In recognition of Friday’s limited release of When You’re Strange (Abamorama), Tom DeCillo‘s 90-minute Doors documentary, I’m reposting my 1.15.09 review, written at the start of the Sundance Film Festival.
“The short reaction to When You’re Strange is (a) it’s a much more perceptive dive into the legend of the Doors than Oliver Stone‘s film was, (b) it’s in love with Doors music (which I feel is a very good thing); (c) it has a good amount of heretofore unseen footage of Morrison and the band; but (d) it’s stymied time and again by tritely-written narration. And I mean ‘give me a fucking break’ trite.
“There has to be some way to recount the turnovers and disturbances of the hallucinatory ’60s without sounding like Tom Brokaw. You have to write and talk about those times with a sense of psychedelic impressionism. Or you have to talk about them like Peter Fonda did in The Limey — i.e., with subdued feeling and authority.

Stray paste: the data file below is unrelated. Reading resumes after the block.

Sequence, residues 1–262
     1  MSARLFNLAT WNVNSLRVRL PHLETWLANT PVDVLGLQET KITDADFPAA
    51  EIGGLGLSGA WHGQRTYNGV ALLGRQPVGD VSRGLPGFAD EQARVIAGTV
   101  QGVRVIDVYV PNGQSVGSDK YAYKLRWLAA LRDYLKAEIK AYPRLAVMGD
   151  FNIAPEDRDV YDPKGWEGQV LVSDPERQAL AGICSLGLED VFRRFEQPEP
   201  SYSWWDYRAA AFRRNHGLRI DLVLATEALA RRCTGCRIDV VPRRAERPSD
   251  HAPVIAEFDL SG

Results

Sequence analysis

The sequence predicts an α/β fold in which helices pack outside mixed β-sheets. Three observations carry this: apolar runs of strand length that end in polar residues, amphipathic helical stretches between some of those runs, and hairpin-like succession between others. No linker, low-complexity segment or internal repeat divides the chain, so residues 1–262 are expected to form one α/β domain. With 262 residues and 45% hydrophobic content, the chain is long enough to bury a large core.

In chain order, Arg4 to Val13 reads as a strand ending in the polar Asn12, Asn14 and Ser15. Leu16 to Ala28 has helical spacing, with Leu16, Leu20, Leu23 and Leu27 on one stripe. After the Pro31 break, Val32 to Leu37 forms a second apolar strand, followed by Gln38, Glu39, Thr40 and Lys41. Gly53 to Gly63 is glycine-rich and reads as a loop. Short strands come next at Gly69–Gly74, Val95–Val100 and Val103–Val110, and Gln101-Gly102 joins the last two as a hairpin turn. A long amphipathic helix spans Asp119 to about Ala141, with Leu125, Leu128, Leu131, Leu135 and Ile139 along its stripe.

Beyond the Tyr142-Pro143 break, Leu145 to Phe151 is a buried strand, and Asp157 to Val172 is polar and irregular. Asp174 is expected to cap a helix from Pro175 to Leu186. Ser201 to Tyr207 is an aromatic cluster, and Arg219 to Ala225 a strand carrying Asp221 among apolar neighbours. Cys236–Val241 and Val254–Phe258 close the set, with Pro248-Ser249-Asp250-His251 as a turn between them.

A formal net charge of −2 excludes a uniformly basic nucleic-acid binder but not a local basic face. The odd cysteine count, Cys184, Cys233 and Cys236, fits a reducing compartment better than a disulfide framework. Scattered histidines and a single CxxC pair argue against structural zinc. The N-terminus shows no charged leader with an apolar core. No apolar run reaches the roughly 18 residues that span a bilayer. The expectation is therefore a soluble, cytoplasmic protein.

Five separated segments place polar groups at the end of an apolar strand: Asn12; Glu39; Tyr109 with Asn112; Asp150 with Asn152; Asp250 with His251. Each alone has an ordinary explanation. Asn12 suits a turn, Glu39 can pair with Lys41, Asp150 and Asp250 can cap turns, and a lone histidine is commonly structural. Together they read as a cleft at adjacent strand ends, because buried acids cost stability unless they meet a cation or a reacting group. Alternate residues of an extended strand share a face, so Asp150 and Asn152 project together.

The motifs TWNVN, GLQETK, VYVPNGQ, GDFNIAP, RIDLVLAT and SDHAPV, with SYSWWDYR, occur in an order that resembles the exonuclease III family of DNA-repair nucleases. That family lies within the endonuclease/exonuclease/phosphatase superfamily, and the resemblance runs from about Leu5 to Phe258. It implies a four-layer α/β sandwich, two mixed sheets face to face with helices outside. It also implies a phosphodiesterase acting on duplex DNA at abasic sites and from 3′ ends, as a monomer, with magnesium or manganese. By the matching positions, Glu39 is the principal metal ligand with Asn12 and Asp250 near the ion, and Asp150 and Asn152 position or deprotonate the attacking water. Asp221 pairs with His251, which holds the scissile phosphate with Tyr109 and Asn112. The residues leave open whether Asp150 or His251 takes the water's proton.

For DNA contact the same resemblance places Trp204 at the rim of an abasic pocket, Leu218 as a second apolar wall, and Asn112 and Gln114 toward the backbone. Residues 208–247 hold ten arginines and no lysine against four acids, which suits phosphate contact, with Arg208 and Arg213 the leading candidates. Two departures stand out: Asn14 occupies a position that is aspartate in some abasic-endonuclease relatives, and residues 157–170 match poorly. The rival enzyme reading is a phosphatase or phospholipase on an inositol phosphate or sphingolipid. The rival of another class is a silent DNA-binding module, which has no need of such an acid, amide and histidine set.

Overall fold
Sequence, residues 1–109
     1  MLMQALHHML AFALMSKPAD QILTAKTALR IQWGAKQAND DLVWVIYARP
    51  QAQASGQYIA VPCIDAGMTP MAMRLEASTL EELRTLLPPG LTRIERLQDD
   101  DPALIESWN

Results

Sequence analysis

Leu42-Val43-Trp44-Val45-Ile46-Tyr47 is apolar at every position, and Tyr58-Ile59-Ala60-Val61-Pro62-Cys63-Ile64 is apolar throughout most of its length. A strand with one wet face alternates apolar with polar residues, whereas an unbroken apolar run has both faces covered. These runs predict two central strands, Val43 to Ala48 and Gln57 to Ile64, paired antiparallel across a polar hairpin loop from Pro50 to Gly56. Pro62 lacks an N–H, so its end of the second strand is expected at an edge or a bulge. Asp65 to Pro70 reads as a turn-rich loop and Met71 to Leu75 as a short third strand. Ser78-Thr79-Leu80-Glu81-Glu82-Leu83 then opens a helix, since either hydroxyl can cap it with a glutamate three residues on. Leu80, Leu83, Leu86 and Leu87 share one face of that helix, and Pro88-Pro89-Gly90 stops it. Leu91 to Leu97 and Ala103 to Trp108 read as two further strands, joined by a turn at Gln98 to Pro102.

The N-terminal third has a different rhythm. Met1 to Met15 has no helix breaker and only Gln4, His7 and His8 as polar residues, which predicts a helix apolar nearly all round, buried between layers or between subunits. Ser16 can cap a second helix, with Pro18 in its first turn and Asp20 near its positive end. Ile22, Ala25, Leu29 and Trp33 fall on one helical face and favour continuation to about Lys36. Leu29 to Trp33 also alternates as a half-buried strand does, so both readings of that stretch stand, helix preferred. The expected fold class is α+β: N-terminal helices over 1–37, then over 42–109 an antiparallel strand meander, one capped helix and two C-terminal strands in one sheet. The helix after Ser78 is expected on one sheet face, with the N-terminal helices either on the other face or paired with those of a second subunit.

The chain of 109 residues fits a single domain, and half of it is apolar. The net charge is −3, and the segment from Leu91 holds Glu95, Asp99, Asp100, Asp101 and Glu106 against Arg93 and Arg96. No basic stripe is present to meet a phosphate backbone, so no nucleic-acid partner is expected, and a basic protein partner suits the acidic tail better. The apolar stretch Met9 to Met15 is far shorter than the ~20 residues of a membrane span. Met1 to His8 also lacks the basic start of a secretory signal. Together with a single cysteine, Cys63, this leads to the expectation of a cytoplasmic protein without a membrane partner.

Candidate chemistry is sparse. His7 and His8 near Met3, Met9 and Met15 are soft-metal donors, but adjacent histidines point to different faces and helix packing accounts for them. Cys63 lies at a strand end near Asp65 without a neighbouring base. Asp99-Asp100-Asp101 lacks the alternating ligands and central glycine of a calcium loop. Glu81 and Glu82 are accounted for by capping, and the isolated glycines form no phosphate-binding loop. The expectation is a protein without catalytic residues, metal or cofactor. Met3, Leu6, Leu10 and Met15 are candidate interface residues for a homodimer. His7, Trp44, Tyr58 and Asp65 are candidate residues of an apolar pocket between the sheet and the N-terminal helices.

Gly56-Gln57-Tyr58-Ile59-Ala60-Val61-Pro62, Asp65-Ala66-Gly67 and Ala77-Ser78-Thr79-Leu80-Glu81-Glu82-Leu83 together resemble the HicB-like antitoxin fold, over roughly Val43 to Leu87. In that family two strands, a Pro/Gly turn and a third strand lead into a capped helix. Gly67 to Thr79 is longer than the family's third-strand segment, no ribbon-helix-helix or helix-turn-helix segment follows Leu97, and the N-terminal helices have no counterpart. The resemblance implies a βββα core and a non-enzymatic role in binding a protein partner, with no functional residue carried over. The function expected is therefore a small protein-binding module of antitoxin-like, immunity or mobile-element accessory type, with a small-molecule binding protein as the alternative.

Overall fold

“I can only report that I began to go crazy listening to DeCillo’s litany of pat cliches. It’s not that the narration gets it “wrong” per se, but it makes one of the most electric and tumultuous times in American history sound so damn tidy and sorted out…almost vanilla.
Update: I haven’t seen a new version of DeCillo’s film, and wasn’t aware that Johnny Depp has re-recorded the narration. A mistake. For all I know the narration has been re-written since the version I saw 15 months ago. I’ll try and catch it this weekend.
“Doors keyboardist Ray Manzarek has said he’s had no input into the film, but that he’s seen it and likes it, calling it ‘a tale of American shamanism‘ with a touch of the ‘supernatural.’ He says there’s also some rare footage in there that even stumped the Doors archivist. That’s all true as far as it goes. I don’t want to sound dismissive of this film, but it occasionally irritated the fuck out of me.